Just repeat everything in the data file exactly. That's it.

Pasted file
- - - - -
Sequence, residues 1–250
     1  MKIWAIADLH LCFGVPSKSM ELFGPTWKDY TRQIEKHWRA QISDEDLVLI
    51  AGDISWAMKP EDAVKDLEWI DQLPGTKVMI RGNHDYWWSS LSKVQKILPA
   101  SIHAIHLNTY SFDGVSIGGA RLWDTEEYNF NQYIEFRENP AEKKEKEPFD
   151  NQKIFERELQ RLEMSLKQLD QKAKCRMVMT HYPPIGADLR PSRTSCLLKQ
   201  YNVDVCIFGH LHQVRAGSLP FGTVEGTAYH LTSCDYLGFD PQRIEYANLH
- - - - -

Sequence, residues 1–250
     1  MKIWAIADLH LCFGVPSKSM ELFGPTWKDY TRQIEKHWRA QISDEDLVLI
    51  AGDISWAMKP EDAVKDLEWI DQLPGTKVMI RGNHDYWWSS LSKVQKILPA
   101  SIHAIHLNTY SFDGVSIGGA RLWDTEEYNF NQYIEFRENP AEKKEKEPFD
   151  NQKIFERELQ RLEMSLKQLD QKAKCRMVMT HYPPIGADLR PSRTSCLLKQ
   201  YNVDVCIFGH LHQVRAGSLP FGTVEGTAYH LTSCDYLGFD PQRIEYANLH